So you need to make sure that the conflicting desires of the characters make sense -- that each of the characters matters to us, positively or negatively, in his own right. Then the whole try-fail cycle disappears. That's a videogame, not a novel .

Jason (later): Your advice has caused an explosion in me. It started with the novel length question, which you answered in terms of pacing, which led me to ask about the try fail cycle, which you rejected and threw me into a chaos of panic. But you came back in mentioned that the 'real story' comes from the conflict within the character. That triggered my memory of Ben Bova's Emotion vs. Emotion advice, which in turn triggered my memory of my brief study of Danielle Steel (410 million copies sold) where every single one of her characters has a duel desire (Betty loves both Fred and Parker). Then Friday night I read in Elia Kazan's A Life autobiography that the secret of all stories is to have a character in conflict with himself. Back to Bova, I read the next morning that you start with the character, creating the conflicting emotion, and then give him a problem that directly impacts that conflict.

And just like that I finally understood what you meant when you said Try Fail vs. Real Story. I mean, it hit me like a ton of bricks! I applied it immediately to three of my characters and I can't tell you how excited I am. I was jumping on the bed causing my wife to growl. I couldn't stop talking. You connected with me, you led me where I needed to go? Why? The Proof: For the first time in my life, my characters are alive to me! I felt sadness and regret for them, and worry. That mysterious connection I've always missed.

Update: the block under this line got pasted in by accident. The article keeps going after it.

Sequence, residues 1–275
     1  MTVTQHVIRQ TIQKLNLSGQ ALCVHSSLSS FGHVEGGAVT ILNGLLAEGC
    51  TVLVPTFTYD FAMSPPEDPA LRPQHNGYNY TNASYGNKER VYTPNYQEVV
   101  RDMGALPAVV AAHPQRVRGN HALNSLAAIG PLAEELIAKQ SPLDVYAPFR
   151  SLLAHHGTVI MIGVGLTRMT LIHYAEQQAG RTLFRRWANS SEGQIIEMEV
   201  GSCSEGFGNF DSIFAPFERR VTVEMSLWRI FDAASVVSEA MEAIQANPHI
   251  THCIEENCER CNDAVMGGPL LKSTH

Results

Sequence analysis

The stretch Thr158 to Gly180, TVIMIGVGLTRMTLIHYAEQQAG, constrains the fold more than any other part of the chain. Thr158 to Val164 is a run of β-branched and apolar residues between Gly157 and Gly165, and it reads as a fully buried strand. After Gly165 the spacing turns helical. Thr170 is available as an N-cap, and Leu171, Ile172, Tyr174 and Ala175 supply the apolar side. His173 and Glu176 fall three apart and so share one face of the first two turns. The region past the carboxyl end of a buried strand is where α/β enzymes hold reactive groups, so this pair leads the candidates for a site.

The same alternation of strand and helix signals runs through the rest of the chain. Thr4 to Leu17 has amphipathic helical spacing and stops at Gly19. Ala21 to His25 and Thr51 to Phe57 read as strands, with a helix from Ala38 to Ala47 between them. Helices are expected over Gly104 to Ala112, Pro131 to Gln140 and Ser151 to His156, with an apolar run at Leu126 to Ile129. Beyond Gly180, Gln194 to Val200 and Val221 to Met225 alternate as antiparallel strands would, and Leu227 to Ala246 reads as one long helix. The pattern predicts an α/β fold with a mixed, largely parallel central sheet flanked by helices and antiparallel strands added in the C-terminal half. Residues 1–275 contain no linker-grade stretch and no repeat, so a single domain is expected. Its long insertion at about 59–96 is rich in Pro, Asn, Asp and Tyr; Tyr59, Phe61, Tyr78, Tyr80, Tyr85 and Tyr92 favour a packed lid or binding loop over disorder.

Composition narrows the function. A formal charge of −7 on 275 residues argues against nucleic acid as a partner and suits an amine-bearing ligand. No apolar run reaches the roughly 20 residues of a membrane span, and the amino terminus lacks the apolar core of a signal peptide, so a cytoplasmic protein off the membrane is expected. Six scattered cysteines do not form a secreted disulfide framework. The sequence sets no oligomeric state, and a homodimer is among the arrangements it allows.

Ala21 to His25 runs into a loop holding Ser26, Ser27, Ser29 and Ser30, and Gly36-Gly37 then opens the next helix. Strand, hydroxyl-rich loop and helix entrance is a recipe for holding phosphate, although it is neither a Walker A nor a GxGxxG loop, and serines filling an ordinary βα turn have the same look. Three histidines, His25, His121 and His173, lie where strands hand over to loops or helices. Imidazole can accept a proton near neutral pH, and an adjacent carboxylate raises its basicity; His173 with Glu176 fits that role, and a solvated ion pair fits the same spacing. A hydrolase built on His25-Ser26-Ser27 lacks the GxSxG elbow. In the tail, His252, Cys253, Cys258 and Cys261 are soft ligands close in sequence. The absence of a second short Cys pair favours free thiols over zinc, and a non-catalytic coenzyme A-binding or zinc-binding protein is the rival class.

And you are right, I'm going to have to rewrite the entire thing. Not that the plot has to change much, but you are totally right! I need to rewrite it! And it wasn't a waste, because it got me to this point!!!

Then, another piece of the puzzle came this morning: I'm driving to work and I remember Abraham and Issac. And I think: Obedience to God Vs. Love for his Child. But it was even worse than that. Abraham wanted kids his whole life. No kids. He prayed, and no answer, and then it was too late. But a miracle happened, and he got a kid when he was old! Not only that, he was promised generations and generations, a very important thing to the old Jewish Culture. He was thrilled. And then God asked him to kill his son.

Wow! Not only is there conflicting desires in Abraham, but his problem is the worst possible thing it could be. Hugh Nibley teaches in his collection of Essays Volume 12 Temple and Cosmos, that every single person will have to be faced with their Isaac. Whatever it is, God will come, and ask you for it, and see if you aren't willing to give it. It's the test of this life.

And I applied that to my characters, and it's haunting. It's terrible. It's sad. I think of Ender, and his duel desire for love and belonging vs. helping the world. And I felt so bad for him, because he couldn't have both. Ah!

Orson: Glad I could be of service, but you did most the work.